The IMPROVE HF longitudinal cohort consisted of 15 177 patients evaluated at the baseline, 12‐month, and 24‐month assessments. For this study, the data collection forms were required to have complete baseline data and vital status recorded at 24 months. Descriptive summary statistics of baseline patient and practice characteristics were calculated for the case and control groups and both groups combined. Continuous variables were analyzed using the 2‐sample t test, and categorical variables were analyzed with the chi‐square test. The baseline treatment rate for each of the 7 quality measures also was calculated for the case and control groups, and differences between groups were compared using the chi‐square test.

    The primary analysis was designed to evaluate the association between baseline use of the 7 guideline‐recommended HF therapies and mortality within 24 months of follow‐up. For each HF therapy, for eligible patients, the unadjusted odds ratio (OR) of death was determined using a logistic regression model with the therapy as the predictor variable and no covariate adjustment. A univariate logistic regression analysis was then performed for each patient and practice characteristic assessed in this study to identify potential covariates for the multivariate logistic model. All characteristics with a P value ≤0.10 in the univariate regression were considered potential confounders. These characteristics were fitted into a multivariate logistic regression model, with treatment as the main effect and the potential confounders as covariates, to determine the OR of death for each guideline‐recommended therapy among therapy‐eligible patients who received the treatment at baseline versus therapy‐eligible patients who did not receive baseline treatment in each study group. Therapies were sequenced on the basis of their β‐coefficients and the order in which they are commonly prescribed in clinical practice. Patients who were not treated at baseline but who crossed over to treatment by month 12 of the study were considered as treated at baseline. Sensitivity analyses with these early crossover patients considered as untreated were also performed.

    An additional set of analyses was conducted to evaluate the association between total number of guideline‐recommended therapies received by all patients at baseline and death within 24 months. A logistic regression analysis using dead versus alive as the outcome, number of therapies as the main effect, and adjusting for other covariates, was conducted to calculate ORs and 95% confidence intervals (CIs) for each comparison group. Patients who received 0 or 1 guideline‐recommended therapy were grouped together, as were those who received 5, 6, or 7 therapies, because of the low number of patients receiving 0, 6, or 7 therapies. Reference value 0/1 was used and was compared with 2, 3, 4, and 5/6/7 therapies. To assess the cumulative contribution of applying each guideline‐recommended therapy, we used a logistic regression model to calculate the OR of death at 24 months for each therapy among the entire case‐control population irrespective of eligibility. The estimated cumulative contribution of applying each of the guideline‐recommended therapies sequentially was calculated by adding the β‐coefficients for each therapy in order of greatest to least impact, as presented by the OR of death for multiple treatments versus no treatment. We also performed an analysis of the sequential contribution of ACEI/ARB followed by β‐blockers, followed by CRT plus ICD, confined to the subgroup of patients eligible for each of these 4 key guideline‐directed HF therapies. P<0.05 was considered statistically significant for all analyses unless otherwise noted. Analyses were completed with SAS statistical software, version 9.1 (SAS Institute, Cary, NC).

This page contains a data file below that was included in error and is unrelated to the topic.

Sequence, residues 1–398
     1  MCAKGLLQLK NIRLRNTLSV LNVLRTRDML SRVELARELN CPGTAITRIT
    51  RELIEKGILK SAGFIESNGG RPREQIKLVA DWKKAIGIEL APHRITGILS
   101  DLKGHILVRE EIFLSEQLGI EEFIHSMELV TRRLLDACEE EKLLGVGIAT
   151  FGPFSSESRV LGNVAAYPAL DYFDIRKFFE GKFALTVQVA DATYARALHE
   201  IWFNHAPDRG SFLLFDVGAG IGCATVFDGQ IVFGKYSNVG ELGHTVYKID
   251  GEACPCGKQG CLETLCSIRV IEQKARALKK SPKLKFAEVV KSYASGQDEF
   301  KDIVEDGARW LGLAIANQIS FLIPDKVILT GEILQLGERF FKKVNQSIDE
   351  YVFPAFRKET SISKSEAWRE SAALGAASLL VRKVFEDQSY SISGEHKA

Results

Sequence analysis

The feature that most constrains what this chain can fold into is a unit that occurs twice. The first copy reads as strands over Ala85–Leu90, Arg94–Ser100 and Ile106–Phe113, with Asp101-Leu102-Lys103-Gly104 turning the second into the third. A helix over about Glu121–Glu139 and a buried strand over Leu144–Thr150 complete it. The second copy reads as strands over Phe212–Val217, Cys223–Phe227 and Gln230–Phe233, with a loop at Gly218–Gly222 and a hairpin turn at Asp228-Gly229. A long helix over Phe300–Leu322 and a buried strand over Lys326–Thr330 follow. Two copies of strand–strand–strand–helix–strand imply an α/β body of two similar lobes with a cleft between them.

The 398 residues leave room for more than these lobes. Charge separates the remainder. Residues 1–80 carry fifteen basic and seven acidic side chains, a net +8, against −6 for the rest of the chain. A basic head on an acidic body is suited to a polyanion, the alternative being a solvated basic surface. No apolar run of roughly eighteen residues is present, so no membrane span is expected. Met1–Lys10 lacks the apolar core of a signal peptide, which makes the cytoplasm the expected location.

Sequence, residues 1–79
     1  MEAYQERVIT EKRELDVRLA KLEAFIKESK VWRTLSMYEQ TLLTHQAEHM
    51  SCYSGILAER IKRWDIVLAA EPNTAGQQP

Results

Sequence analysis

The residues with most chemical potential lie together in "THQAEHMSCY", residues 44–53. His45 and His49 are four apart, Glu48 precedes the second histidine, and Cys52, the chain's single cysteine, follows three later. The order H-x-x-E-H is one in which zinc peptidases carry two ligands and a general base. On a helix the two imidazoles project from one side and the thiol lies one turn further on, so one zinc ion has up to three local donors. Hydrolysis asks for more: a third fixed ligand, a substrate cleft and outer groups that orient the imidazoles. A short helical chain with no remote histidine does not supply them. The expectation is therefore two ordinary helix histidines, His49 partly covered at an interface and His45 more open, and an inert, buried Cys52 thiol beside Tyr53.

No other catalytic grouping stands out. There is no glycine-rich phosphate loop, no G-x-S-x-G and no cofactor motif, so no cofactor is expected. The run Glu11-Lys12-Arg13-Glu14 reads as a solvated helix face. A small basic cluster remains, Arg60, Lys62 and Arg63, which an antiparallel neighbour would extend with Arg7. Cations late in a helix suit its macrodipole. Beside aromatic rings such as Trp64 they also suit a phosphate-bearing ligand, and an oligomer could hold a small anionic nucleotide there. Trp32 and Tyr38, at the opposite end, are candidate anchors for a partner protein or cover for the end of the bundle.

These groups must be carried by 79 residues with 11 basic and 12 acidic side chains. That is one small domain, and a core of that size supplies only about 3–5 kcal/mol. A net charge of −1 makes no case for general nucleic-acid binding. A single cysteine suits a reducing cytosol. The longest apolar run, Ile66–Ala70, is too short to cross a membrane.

All authors had full access to the data and take responsibility for its integrity. All authors approved the manuscript as written.

    Results

    Of the 15 177 patients in the IMPROVE HF longitudinal cohort, 4128 (27.2%) were selected through the propensity score matching process. Of these, 1376 had a vital status of dead at 24 months (cases), and 2752 were alive at 24 months (controls). Overall, patient characteristics were very well matched between groups (Table 1). Mean (standard deviation) age was 72.0 years (12.4 years) and 71.6 years (11.5 years) in cases and controls, respectively (P=0.2396), and 71.2% and 72.2%, respectively, were male (P=0.5246). Race was the only statistically significantly different characteristic between cases and controls (P=0.0006). Baseline practice characteristics, calculated at the patient level, were also very well matched between the case and control groups (Table 2). The majority of practices in both groups were not affiliated with a university or teaching facility (68.5% and 68.2% for cases and controls, respectively), and the median number of patients managed annually was 2319. Practices were also well matched in terms of the number of cardiologists, electrophysiologists, interventionalists, and HF nurses on staff.

    Table 1. Baseline Patient Characteristics for the 1:2 Matched Cohort

    CharacteristicCohortP
    Total (N=4128)Case (Dead) (N=1376)Control (Alive) (N=2752)
    Age, mean (SD), y71.7 (11.8)72.0 (12.4)71.6 (11.5)0.2396
    Sex, n (%)0.5246
     Male2966 (71.9%)980 (71.2%)1986 (72.2%)
     Female1162 (28.1%)396 (28.8%)766 (27.8%)
    Race, n (%)0.0006
     Black377 (9.1%)145 (10.5%)232 (8.4%)
     White1869 (45.3%)627 (45.6%)1242 (45.1%)
     Other69 (1.7%)14 (1.0%)55 (2.0%)
     Not documented/missing1813 (43.9%)590 (42.9%)1223 (44.4%)
    Insurance, n (%)0.4963
     Medicare2829 (68.5%)953 (69.3%)1876 (68.2%)
     Medicaid134 (3.2%)52 (3.8%)82 (3.0%)
     Private786 (19.0%)242 (17.6%)544 (19.8%)
     Other118 (2.9%)43 (3.1%)75 (2.7%)
     None37 (0.9%)12 (0.9%)25 (0.9%)
     Not documented/missing224 (5.4%)74 (5.4%)150 (5.5%)